Business focus: Effects of immigration

Migration has overflowed the political and economic debate over the past decades as the globalization of the job markets expands. However, its benefits, costs, issues and advantages are generally overlooked from a business perspective.

Undoubtedly, immigration has proven to be highly beneficial for businesses and for SMEs. Yet, a lack of governmental intervention on a global and national scale cause the frequent occurrence of some issues, of which illegal immigration is the most severe. It puts businesses at risk and make ethical enterprises be outcompeted by unethical organization, which can benefit by hiring illegal immigrants at lower costs thus unfairly providing cheaper services. Other issues include the difficulty to assimilate immigrants into the work culture and language barriers.

When considering a global expansion, countries with high immigration may be preferred due to their favourable conditions such as the provision of language and cultural knowledge that current staff might not possess. Moreover, the diversification of the workforce might foster innovation and protect from anti-discrimination laws.

Furthermore, skilled immigrants represent an under-tapped talent pool of highly flexible, adaptable and loyal workers, ideal for expanding businesses. Unskilled immigration can also be beneficial for the national economy and enterprises, by providing a steady supply of candidates to fill job openings often neglected by native people.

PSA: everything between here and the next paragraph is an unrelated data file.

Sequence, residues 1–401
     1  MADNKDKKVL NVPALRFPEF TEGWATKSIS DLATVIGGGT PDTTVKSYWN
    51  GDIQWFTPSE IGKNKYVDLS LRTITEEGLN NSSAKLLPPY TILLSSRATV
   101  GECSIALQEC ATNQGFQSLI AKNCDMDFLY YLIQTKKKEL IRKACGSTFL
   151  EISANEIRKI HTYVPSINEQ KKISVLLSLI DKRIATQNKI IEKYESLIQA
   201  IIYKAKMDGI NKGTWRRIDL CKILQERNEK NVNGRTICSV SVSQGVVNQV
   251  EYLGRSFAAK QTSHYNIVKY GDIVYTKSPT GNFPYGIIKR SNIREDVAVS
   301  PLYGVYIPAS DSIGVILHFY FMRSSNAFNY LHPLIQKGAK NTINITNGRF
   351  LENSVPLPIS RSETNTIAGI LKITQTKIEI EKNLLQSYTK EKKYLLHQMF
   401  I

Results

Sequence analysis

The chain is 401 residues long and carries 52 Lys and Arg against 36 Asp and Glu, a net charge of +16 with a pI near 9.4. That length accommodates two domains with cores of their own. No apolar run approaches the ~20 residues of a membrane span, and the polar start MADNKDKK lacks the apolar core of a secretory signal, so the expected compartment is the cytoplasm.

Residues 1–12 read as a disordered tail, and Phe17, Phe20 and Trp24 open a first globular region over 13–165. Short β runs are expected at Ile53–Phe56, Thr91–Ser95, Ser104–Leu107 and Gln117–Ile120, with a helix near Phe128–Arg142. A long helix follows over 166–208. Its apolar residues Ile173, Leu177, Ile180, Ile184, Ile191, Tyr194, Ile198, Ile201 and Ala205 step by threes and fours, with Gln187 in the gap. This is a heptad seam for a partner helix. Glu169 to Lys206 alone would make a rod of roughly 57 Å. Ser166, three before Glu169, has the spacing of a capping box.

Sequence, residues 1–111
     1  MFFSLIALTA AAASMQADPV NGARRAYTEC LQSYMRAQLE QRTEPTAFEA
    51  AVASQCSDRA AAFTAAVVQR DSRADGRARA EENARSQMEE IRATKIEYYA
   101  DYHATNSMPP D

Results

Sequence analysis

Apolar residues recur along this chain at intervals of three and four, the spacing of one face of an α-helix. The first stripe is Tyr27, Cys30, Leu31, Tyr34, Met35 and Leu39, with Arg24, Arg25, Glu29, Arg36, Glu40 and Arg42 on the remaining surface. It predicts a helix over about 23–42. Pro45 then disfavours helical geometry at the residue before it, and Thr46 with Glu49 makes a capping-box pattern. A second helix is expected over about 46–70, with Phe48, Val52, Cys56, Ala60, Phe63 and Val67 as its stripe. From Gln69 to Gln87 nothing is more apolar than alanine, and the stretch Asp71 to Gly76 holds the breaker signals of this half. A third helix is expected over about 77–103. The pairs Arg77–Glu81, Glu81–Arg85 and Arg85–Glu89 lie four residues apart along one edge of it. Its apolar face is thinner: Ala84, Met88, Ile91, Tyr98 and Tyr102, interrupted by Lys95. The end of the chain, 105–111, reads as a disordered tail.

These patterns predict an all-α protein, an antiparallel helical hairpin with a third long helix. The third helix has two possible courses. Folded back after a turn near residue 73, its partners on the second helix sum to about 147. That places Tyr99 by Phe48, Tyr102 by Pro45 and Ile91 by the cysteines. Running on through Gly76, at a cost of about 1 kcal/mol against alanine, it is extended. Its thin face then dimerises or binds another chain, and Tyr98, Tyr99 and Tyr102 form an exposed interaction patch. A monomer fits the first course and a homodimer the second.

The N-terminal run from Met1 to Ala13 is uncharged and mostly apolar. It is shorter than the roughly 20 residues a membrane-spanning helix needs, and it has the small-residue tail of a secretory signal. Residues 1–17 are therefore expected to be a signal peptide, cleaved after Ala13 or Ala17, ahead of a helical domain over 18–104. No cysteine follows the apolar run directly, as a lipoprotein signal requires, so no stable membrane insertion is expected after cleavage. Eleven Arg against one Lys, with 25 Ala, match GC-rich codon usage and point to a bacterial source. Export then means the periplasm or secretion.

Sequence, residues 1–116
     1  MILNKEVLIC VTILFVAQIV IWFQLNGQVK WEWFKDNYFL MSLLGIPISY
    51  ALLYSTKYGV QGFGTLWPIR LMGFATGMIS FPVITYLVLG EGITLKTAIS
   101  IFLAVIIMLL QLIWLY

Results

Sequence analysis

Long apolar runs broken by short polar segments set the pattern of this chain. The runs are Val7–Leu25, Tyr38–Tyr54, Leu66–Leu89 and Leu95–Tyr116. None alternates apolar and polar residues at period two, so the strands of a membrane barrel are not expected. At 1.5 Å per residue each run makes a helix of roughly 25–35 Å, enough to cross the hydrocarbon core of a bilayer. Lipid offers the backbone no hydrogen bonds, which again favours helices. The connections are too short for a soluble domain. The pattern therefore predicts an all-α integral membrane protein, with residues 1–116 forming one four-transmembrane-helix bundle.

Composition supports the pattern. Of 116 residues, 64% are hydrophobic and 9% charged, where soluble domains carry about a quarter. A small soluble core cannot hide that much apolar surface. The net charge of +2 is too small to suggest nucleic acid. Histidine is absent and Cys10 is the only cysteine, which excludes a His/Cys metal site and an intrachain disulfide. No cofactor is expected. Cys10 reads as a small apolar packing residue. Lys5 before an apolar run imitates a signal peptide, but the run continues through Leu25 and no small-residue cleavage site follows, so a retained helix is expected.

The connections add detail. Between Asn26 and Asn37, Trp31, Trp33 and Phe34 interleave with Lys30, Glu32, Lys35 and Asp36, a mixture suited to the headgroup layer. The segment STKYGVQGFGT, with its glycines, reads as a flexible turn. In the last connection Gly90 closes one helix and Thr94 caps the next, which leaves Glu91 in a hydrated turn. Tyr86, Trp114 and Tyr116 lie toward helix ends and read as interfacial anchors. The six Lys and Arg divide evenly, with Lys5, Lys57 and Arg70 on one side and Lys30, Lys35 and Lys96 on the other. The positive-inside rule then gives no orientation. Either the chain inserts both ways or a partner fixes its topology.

EuCham - European Chamber listed the European countries according to the migration rates, which indicates the difference between immigrants and emigrants of a country in a given year per 1,000 persons, based on data from Central Intelligence Agency (2014). As seen here by these metrics, SMEs could take advantage of the high migration inflows occurring in Cyprus, Luxembourg, Norway which by providing advantageous tax and bureaucratic laws attracting with immigration a stream of inflow capital which can ultimately stimulate the economy.

 

Table 1: Immigration rates (‰) in Europe

Rank

Country

Immigration rate

1

Cyprus

9.89

2

San Marino

8.31

3

Luxembourg

7.97

4

Norway

7.96

5

Spain

7.24

6

Sweden

5.46

7

Switzerland

5.43

8

Liechtenstein

4.72

9

Italy

4.29

10

Ireland

3.31

11

Monaco

2.85

12

Portugal

2.74

13

United Kingdom

2.56

14

Greece

2.32

15

Denmark

2.25

16

Czech Republic

2.15

17

Malta

1.99

18

Netherlands

1.97

19

Austria

1.76

20

Russia

1.69

21

Croatia

1.43

22

Hungary

1.34

24

Belgium

1.22

23

France

1.09

26

Germany

1.06

25

Belarus

0.78

27

Lithuania

0.73

28

Finland

0.62

29

Iceland

0.52

30

Poland

0.47

31

Turkey

0.46

32

Slovenia

0.37

33

Slovakia

0.01

34

Ukraine

-0.06

35

Romania

-0.24

36

Bosnia & Herzegovina

-0.37

37

Macedonia

-0.48

39

Latvia

-2.37

41

Bulgaria

-2.89

42

Georgia

-3.25

43

Albania

-3.31

45

Estonia

-3.37

46

Armenia

-5.88

47

Moldova

-9.8

Sources: Central Intelligence Agency (2014)
EuCham Research Department - Compiled by Mr Henni Biskri and Mr Luca Nazzicone 2015-01-25